The reason I choose Scheme over Python is not because its more comonly used. Obviously Python wins in that area. Especially when it comes to job market. But because of my interest in Computer Science. Similar to reason why I choose Slackware not for desktop tools but for study. Python and Scheme are 2 great languages for me.
the background of the Ruby/C++ recommendation from me was that functional programming parts works with ruby somehow better than with python
alt least for me
and it also supports a lot of other programming pardigmen, so you could combine the lisp and python stuff into 1.
plus it is wildly used and allows you to become productive and there is also a job market.
and spending time with c or c++ is never wrong, even if thos 2 are long time targets, compared with python or ruby

thought it would be worth to mention and you may want to think about that if you have not done it so far.
sorry for disturbing your thread
 
Old 08-27-2012, 12:07 PM   #40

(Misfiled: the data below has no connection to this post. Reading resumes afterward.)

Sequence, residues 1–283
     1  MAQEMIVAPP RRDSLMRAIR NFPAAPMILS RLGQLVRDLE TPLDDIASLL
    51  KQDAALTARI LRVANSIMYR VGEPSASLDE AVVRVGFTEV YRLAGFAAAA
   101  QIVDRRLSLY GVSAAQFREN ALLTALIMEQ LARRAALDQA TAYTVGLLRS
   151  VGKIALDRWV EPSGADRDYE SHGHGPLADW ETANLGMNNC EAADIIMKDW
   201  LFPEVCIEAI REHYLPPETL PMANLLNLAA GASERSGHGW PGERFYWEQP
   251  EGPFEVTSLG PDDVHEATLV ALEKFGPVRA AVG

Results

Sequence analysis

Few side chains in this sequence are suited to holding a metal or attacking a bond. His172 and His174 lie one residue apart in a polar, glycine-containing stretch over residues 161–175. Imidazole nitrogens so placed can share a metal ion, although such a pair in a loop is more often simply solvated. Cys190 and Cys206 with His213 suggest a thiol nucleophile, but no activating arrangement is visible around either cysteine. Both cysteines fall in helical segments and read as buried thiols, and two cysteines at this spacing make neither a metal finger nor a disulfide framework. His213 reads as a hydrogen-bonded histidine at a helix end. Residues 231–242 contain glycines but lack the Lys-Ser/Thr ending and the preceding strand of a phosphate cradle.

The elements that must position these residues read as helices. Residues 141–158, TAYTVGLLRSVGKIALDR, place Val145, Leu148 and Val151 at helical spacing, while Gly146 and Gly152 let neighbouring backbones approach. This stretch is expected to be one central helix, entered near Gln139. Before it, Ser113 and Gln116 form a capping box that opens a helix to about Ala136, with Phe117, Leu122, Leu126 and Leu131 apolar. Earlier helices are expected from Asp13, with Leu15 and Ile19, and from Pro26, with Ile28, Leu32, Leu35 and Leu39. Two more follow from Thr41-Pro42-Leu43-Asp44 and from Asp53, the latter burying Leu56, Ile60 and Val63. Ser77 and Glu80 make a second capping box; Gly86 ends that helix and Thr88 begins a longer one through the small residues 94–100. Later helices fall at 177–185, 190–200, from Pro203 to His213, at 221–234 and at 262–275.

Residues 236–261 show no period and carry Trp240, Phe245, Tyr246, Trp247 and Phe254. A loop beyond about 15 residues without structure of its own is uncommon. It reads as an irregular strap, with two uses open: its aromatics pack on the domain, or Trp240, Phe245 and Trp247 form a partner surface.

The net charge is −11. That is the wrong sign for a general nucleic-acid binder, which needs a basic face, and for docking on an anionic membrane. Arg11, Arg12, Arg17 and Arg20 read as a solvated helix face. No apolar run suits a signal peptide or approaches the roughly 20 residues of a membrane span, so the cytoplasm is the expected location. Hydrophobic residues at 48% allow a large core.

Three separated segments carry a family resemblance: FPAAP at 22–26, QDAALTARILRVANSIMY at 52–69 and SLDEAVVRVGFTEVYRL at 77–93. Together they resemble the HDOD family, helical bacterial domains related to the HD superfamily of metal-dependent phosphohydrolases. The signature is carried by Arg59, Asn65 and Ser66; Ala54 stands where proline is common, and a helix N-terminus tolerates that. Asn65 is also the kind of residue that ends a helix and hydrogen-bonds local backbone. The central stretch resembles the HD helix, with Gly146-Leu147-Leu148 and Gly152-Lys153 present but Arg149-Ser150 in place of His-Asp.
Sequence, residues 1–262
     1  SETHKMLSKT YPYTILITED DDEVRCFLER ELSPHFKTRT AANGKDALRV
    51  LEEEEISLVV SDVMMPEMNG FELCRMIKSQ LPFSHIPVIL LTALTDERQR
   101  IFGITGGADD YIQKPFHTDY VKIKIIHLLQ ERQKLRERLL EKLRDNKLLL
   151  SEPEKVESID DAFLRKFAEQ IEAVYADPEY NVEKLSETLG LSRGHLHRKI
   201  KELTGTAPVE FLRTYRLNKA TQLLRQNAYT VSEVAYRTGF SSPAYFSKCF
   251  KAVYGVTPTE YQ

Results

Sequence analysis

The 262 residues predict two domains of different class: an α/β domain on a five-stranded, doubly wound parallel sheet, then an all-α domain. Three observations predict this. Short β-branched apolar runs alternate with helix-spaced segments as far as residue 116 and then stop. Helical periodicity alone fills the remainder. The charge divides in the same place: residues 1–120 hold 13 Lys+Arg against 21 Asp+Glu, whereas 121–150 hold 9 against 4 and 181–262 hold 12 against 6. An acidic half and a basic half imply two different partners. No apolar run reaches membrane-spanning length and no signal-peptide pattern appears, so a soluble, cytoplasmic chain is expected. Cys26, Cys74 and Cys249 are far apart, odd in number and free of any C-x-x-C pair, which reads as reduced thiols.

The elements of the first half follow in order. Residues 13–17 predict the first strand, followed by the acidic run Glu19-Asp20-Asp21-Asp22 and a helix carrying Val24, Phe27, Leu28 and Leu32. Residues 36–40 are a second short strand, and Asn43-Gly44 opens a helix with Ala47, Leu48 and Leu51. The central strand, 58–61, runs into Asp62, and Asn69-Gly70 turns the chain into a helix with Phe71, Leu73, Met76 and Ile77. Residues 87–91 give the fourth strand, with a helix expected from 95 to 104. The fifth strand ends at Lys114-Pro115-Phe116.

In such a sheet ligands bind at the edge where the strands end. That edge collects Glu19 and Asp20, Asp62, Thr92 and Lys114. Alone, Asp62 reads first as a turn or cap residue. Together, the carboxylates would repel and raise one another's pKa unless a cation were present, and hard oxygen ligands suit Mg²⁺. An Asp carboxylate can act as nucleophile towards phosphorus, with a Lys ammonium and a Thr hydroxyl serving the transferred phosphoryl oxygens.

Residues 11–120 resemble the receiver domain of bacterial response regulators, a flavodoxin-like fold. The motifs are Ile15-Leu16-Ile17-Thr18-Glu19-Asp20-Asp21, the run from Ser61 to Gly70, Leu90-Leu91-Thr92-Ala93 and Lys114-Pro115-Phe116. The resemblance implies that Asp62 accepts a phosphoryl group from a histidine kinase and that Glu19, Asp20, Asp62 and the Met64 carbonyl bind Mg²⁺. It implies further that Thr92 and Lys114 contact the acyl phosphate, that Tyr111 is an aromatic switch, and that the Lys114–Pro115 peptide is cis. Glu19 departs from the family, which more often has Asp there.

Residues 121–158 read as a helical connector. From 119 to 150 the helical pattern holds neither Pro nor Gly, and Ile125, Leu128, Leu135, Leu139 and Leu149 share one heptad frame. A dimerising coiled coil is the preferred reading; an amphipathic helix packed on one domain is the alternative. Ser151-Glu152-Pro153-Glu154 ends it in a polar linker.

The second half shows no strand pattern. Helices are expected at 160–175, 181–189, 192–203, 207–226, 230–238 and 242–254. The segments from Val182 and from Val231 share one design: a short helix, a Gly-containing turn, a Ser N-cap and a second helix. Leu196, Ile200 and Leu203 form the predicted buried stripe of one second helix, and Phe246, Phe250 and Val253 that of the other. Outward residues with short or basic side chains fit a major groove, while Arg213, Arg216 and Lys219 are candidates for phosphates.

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Originally Posted by a4z View Post
the background of the Ruby/C++ recommendation from me was that functional programming parts works with ruby somehow better than with python
alt least for me
and it also supports a lot of other programming pardigmen, so you could combine the lisp and python stuff into 1.
plus it is wildly used and allows you to become productive and there is also a job market.
and spending time with c or c++ is never wrong, even if thos 2 are long time targets, compared with python or ruby

thought it would be worth to mention and you may want to think about that if you have not done it so far.